Disgraced Cambodian anti-sex slavery activist Somaly Mam staging a comeback

Ms Somaly Mam, the high-profile anti-sex slavery activist whose dramatic life story was reported to be fabricated, is now trying to claw back some credibility and return to working for sex trafficking victims.

In an exclusive interview with The Straits Times, the first Asian media she spoke to after an explosive Newsweek magazine report in May suggested that she had lied about her past, the Cambodian said: "I don't care about my reputation.

" I will never give up, I will do everything for my girls." She also said she stands by her life story.

"I am not perfect," Ms Mam, who wowed Hollywood, the White House and Manhattan with her story and work, told The Straits Times over the phone on Monday.

However, she insisted: "I stand by my story. Forever, until the day I die."

The Newsweek cover story was written by journalist Simon Marks, who had been investigating Ms Mam for his previous employer, The Cambodia Daily. During his investigations, he found significant details of her life had been fabricated, the report said.

They included an account of how Ms Somana, one of the women whom Ms Mam had allegedly rescued from sex trafficking, had suffered at the hands of a brothel owner.

But Ms Somana's medical records which Newsweek investigated suggested that she was blind in one eye not from an injury inflicted by a brothel owner as claimed, but from surgery for a tumour, the magazine report said.

Soon after the Newsweek report, The Holy Saint (and Sinner) of Sex Trafficking, appeared, Ms Mam was forced to step down from the United States-based Somaly Mam Foundation.

Shocked by the revelations, donors dropped her like a hot brick. Funds dried up, leaving her Cambodian non-governmental organisation Afesip on the verge of closing down and the future of 170 rescued young women under its care in jeopardy, she said.

Afesip's outreach work, like visiting brothels and distributing condoms and holding health clinics, also ground to a halt, she claimed.

For weeks, Ms Mam, who is in her 40s, disappeared from the media, until she spoke to a journalist from Marie Claire magazine last month.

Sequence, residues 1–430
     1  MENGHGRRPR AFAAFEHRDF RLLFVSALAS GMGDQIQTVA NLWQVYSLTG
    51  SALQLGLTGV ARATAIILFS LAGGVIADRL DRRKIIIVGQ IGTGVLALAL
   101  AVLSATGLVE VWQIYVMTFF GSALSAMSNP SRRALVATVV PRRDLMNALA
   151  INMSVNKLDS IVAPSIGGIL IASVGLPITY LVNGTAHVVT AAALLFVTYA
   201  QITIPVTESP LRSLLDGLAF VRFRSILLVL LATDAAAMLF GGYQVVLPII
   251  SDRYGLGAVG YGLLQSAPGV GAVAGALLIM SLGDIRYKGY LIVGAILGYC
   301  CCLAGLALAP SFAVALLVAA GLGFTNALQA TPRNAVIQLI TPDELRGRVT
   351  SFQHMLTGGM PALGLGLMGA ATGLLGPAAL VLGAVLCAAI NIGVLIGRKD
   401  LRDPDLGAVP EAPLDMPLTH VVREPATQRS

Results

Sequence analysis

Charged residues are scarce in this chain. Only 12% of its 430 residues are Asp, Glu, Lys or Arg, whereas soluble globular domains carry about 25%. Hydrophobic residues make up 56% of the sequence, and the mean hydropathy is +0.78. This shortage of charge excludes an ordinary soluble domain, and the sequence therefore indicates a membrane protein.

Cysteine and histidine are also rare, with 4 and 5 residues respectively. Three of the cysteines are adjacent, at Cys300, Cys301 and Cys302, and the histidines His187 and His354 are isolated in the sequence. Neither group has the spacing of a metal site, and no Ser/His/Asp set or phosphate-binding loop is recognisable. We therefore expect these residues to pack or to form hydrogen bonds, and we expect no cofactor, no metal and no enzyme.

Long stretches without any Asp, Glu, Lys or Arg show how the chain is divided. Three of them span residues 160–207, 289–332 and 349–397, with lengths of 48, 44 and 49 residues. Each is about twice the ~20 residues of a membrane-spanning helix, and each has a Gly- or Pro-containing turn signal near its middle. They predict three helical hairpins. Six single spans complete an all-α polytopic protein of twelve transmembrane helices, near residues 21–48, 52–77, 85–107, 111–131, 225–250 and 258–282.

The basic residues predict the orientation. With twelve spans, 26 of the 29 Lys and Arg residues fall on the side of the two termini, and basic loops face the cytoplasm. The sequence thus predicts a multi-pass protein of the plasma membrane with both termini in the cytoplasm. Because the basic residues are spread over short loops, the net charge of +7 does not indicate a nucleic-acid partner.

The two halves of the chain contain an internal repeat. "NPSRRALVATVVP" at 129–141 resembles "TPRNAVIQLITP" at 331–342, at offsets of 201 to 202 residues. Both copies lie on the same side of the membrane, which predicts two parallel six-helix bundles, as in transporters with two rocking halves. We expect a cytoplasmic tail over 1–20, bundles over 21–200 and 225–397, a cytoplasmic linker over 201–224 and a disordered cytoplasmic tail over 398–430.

It quoted Ms Mam as saying she had not lied about her own story. When reporter Abigail Pesta retraced Newsweek's steps to check Ms Mam's narrative, she found that three people who had spoken to Newsweek had changed their stories, the Marie Claire report said.

Newsweek has acknowledged one editing error in its report, in which it changed the sex of a Khmer interviewee. But the magazine stood by its story.

Mr Marks told The Straits Times that he had no comments on Ms Mam's claims that she did not lie or on the Marie Claire story.

Ms Mam blamed cultural factors for some inconsistent narratives. "In Cambodia, a normal girl cannot stand up and say 'I was a prostitute'," she said.

But she sidestepped a question about her daughter, whom Ms Mam had claimed was kidnapped and raped in 2006 when she was 14, in retaliation for Ms Mam's work.

The Newsweek report said the daughter had actually run away with her boyfriend, but Ms Mam made up the story about her abduction.

When asked what the real story was, Ms Mam told The Straits Times: "I will not talk about her. I love my girl. I am her mother."

She also said that Mr Marks had never met her and had no right to judge her. But the Newsweek article claimed that multiple requests to meet her drew no response.

On whether she will sue Newsweek, Ms Mam said of the sex trafficking victims under her and Afesip's care: "My priority is the girls... (They are) my work right now."

Controversies are not new to Ms Mam.

In her best-selling 2005 autobiography The Road Of Lost Innocence, she claims to have been sold into prostitution as a teenager, before she escaped and married a French aid worker and lived in France.

She later returned to Cambodia to help rescue young women from prostitution.

In 2012, she had to apologise for misleading the United Nations in a complaint accusing the Cambodian military of killing eight rescued girls after it raided her shelter. She could not produce any evidence to support the claim.

That same year, The Cambodia Daily exposed as untrue the stories of a sex trafficking victim apparently rescued by Afesip.

Whatever the truth, Ms Mam is back to doing what she is used to - fighting to make her place in the world.

Her strategy seems to be to shift the focus from her own story to her current work.

"I just want to (visit) the brothels every single day, just to be with (the girls). It's not to make them leave the brothel. I want them to feel that I am here. It's not about myself," she said of the women she visits as part of Afesip's work.

The Marie Claire report appeared to signal the beginning of a return by Ms Mam.

Last month, she met some of her faithful backers in the US. Among them was actress Susan Sarandon, who was quoted as saying: "It was crazy the way they threw her under the bus."

Ms Mam says her supporters in the US, which include volunteers from her eponymous foundation, are helping her to start another organisation.

The same week the Marie Claire report appeared, a high-profile Fifth Avenue public relations firm, which is representing her pro bono, e-mailed journalists to say the Newsweek report was full of "inconsistencies, innuendos and inaccuracies".

"Somaly Mam wants her dignity and reputation restored... It is her hope that having set the record straight, she can return to the work of rescuing and rehabilitating victims of human trafficking and to helping to halt sexual slavery in all its forms," the e-mail said.

nirmal@sph.com.sg


This article was first published on Oct 8, 2014.
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